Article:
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Intrauterine deaths in high-risk pregnancies with normal and borderline umbilical artery Doppler flow velocity waveforms.

Objective. To investigate the use of a personal computer (PC)-based, continuous-wave Doppler device by a trained midwife at the fetal evaluation clinic at a tertiary hospital to assess flow velocity waveforms (FVWs) of the umbilical artery flow in referred women.

Methods. Pregnant women referred for suspected poor fetal growth were evaluated from June 2002 through December 2004. The Umbiflow device (still prototype, developed by CSIR/MRC/Stellenbosch University), consisting of a Pentium 3 PC with an ultrasound transducer plugged into the USB port, was used to analyse the FVW of the umbilical artery. Pregnancies in which the resistance index (RI) was <75th percentile (<P75) were not further evaluated for fetal well-being unless the clinical condition of the mother had changed. Pregnancies with an RI >P75 were followed up according to a specific protocol. Primary endpoints were intrauterine death and intrauterine growth restriction.

Results. Doppler FVWs were assessed in 955 pregnancies. The RI was <P75 in 529 participants (55.4%), between the P75 and P95 percentile in 350 (36.6%) and >P95 in 53 (5.5%). In 23 cases (2.4%) end-diastolic flow was absent or reversed (AREDF). Intrauterine death within 1 week of the test occurred in 1, 4, 0 and 2 women respectively in these four groups, and 16.7%, 34.5%, 54.9% and 65.5% respectively gave birth to infants that were small for gestational age.

Conclusions. Intrauterine death, within 1 week of the test, was extremely rare when the RI was <P75 (0.2%). Relatively more deaths within a week of the Doppler examination occurred in the P75-P95 group. This group should be regarded as being at high risk and needs careful antenatal surveillance.

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Placental insufficiency may precede the birth of a small-for-gestational-age (SGA) infant. In addition, it is associated with an increased risk of intrauterine death, intrapartum fetal distress and neonatal morbidity and mortality. (1-4) Doppler ultrasound assessment of the flow velocity waveforms (FVWs) in the umbilical artery of the fetus with poor growth has been shown to improve perinatal outcome. (5,6) Thornton and Lilford (7) believe that absent or reversed end-diastolic flow (AREDF) velocity is of particular importance as these fetuses are 80 times more likely to die than fetuses where end-diastolic flow velocity is present. Two additional meta-analyses (8,9) confirmed the value of FVWs of the umbilical artery in high-risk pregnancies in identifying the fetus at risk. In addition, in a meta-analysis of 12 randomised control trials, Alfirevic and Neilson (6) demonstrated that the use of FWVs reduced the odds of perinatal death by 38%.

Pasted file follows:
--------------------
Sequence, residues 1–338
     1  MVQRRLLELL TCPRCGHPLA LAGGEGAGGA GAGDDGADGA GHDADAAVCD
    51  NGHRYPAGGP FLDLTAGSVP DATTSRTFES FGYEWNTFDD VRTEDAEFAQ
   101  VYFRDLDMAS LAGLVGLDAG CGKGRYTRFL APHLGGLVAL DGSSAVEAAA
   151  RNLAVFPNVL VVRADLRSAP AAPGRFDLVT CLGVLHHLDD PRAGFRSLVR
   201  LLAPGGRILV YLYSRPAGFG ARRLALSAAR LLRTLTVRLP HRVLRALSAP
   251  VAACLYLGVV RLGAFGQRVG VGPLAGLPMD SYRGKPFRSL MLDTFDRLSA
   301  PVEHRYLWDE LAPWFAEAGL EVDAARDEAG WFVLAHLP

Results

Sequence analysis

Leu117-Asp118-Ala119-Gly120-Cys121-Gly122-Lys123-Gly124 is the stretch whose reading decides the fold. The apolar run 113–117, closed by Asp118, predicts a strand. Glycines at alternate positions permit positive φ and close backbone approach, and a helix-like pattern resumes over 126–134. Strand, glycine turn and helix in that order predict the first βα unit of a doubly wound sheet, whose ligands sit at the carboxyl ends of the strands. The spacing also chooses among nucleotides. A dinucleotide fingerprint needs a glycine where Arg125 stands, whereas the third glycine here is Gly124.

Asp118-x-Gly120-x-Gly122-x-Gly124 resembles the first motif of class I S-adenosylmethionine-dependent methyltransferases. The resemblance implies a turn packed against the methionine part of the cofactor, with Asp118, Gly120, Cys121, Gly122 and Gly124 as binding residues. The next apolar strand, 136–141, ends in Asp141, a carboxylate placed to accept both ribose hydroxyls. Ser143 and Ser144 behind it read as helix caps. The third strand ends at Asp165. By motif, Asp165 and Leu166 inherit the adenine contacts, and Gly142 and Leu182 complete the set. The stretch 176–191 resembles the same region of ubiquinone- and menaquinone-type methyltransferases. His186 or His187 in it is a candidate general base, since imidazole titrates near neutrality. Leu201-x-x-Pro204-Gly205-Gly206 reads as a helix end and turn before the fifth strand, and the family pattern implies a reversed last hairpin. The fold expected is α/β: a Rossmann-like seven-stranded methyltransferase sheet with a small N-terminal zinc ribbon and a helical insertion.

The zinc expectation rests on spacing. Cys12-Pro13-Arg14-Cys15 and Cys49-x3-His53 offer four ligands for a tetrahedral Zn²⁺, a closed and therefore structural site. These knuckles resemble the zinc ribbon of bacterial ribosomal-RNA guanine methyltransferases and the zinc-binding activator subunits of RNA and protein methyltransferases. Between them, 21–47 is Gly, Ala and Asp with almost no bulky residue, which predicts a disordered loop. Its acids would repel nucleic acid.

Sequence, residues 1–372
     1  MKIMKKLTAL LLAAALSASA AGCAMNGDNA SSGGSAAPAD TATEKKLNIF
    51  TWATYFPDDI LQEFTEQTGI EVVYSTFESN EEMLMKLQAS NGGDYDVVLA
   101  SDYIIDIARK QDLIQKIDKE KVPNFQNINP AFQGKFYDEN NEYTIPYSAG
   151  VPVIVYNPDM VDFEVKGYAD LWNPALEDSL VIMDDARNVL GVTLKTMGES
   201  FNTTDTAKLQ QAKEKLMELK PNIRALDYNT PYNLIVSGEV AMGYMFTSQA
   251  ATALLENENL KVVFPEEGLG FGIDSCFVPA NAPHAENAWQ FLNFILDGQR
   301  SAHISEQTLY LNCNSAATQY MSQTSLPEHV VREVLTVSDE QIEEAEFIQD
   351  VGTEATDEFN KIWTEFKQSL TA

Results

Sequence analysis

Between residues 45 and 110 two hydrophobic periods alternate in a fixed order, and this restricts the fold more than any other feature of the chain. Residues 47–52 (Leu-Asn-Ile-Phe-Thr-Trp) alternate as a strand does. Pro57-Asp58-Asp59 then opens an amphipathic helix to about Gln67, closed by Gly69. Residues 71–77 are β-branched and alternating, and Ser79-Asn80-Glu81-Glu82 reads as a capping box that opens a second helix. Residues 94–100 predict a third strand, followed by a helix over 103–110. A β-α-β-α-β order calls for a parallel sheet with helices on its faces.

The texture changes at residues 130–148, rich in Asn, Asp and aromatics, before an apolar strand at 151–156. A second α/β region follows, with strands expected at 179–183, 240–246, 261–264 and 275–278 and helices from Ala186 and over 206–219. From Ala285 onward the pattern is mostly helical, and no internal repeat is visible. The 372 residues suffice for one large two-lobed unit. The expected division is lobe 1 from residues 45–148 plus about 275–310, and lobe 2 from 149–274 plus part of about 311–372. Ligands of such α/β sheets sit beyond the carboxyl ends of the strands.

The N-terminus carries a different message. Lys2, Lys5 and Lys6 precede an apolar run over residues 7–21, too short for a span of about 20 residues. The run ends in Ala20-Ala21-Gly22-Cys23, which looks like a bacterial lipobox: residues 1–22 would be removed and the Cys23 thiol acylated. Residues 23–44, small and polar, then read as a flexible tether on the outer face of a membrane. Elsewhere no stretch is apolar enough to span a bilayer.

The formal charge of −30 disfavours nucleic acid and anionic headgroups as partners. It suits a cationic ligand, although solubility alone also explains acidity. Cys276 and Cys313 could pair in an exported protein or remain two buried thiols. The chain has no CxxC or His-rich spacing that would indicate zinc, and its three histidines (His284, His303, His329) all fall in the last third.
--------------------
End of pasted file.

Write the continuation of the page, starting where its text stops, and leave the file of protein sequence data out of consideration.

Although it has been shown that the use of Doppler FVW assessment improves perinatal outcome, it is still uncertain how many intrauterine deaths, particularly those due to placental insufficiency, may occur in pregnancies where the FVWs have been regarded as normal, and what the causes of these deaths may be. It should be remembered that abnormal FVWs are not always an indication for immediate delivery as this decision would also depend on other important findings such as the clinical condition of the mother, gestational age and fetal condition. In this regard, monitoring of the fetal heart rate pattern provides valuable information on when to deliver.

Patients and methods

The study was done at the Fetal Evaluation Clinic (FEC) at Tygerberg Hospital (TBH), a tertiary referral hospital in the Western Cape where exclusion of placental insufficiency in cases of poor fetal growth on the symphysis pubis fundus (SF) growth chart and maternal hypertension are the most common indications for referral. At the FEC, FVWs of the umbilical artery are assessed by an experienced midwife (AMT) with a continuous-wave Doppler device (Umbiflow; still prototype, developed by CSIR/MRC/Stellenbosch University), which consists of a standard personal computer with the ultrasound probe plugged into the USB port. The software has been designed to analyse FVWs, expressing the result as the resistance index (RI). A comparative study at our unit has shown that the accuracy of the Umbiflow compares favourably with that of a well-known commercial continuous wave Doppler machine. (10) Poor SF growth was defined as a measurement below the 10th percentile for gestational age according to the percentile chart for the local population. (11) The nomogram of TBH was used to categorise the RI into four different zones. (12) Further management of the referred pregnant women depended on the RI (Table I). (13)